Nat King Cole could charm most listeners by simply singing a few lines from the phone book. His delivery is so intoxicating that even less-than-stellar material doesn't cause so much as a blink of the eye. This is true with Classics' collection of some of his 1947-1949 cuts, where hardly a classic standard or hit is in sight. What one does get, though, is a generous dose of Nat Cole and the trio's slow-riffin' best . While ranging from the ballad perfection of "How Lonely Can You Get" and "Lost April" to svelte blues sides like "My Mother Told Me," Cole, guitarist Irving Ashby, and bassist Johnny Miller show how they perfected the piano trio template forged by the singer's first group with guitarist Oscar Moore and bassist Wesley Prince. The disc also includes two boppish instrumentals: "Leap Here" and "Metronome Riff," featuring Cole with large combos stuffed with likes of Dizzy Gillespie, Buddy DeFranco, Bob Cooper, Art Pepper, Bill Harris, and Shelly Manne. Also included are two takes of "Portrait of Jennie," an early strings affair that nicely foreshadows Cole's symphonic run of hits in the '50s. This disc might not work too well as a prime introduction to the the Nat Cole Trio's '40s material -- check out Capitol's Vocal Classics titles for that -- but it certainly will please fans wanting to delve beyond the more popular tracks. And for those keen on getting a good share of Cole's instrumental and jazz-centric sides, check out Capitol's Instrumental Classics and Jazz Encounters collections.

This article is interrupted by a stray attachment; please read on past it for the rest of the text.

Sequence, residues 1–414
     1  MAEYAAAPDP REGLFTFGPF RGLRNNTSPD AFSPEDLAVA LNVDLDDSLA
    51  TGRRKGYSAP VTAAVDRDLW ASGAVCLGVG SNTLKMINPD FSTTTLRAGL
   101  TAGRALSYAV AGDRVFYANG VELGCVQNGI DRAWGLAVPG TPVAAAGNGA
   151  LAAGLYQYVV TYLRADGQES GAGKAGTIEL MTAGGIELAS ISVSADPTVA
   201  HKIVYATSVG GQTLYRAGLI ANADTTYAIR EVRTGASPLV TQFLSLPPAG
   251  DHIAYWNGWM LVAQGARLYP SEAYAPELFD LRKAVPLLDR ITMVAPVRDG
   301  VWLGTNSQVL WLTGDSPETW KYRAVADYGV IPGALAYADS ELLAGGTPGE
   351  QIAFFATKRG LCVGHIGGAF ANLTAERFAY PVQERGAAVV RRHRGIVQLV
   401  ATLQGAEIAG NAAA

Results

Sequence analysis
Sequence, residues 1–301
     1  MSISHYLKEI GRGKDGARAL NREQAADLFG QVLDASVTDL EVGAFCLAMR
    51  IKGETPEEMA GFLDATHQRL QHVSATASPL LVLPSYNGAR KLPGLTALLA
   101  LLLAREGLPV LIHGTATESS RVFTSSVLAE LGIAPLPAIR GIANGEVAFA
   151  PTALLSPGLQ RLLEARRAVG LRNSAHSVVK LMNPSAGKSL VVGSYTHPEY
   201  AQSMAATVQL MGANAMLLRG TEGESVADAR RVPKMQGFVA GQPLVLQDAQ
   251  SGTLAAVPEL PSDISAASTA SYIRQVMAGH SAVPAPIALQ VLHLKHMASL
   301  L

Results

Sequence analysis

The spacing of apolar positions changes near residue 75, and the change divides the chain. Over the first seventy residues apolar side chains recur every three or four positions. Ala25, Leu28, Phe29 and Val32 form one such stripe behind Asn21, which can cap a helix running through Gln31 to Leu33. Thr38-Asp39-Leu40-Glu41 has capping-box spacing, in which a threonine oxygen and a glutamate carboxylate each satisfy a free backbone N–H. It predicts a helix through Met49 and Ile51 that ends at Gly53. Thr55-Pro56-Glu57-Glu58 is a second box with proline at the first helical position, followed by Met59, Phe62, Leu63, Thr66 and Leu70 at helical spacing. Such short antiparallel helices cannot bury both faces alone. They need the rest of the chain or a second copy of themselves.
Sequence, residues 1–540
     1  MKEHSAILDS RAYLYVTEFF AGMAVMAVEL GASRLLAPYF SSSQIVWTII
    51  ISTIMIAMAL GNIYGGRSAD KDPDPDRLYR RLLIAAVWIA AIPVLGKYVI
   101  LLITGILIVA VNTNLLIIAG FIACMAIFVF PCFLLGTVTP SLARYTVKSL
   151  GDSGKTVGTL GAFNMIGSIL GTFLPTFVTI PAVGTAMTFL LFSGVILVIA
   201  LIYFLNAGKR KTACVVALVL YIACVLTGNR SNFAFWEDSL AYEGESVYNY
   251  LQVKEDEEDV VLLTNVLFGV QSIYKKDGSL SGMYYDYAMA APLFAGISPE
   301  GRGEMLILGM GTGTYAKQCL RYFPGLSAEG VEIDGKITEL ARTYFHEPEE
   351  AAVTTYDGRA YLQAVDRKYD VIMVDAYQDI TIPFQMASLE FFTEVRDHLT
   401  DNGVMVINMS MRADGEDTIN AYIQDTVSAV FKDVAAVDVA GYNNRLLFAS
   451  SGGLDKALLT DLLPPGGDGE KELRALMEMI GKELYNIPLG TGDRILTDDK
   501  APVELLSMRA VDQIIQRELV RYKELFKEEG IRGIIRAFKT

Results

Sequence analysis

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AllMusic Review by Stephen Cook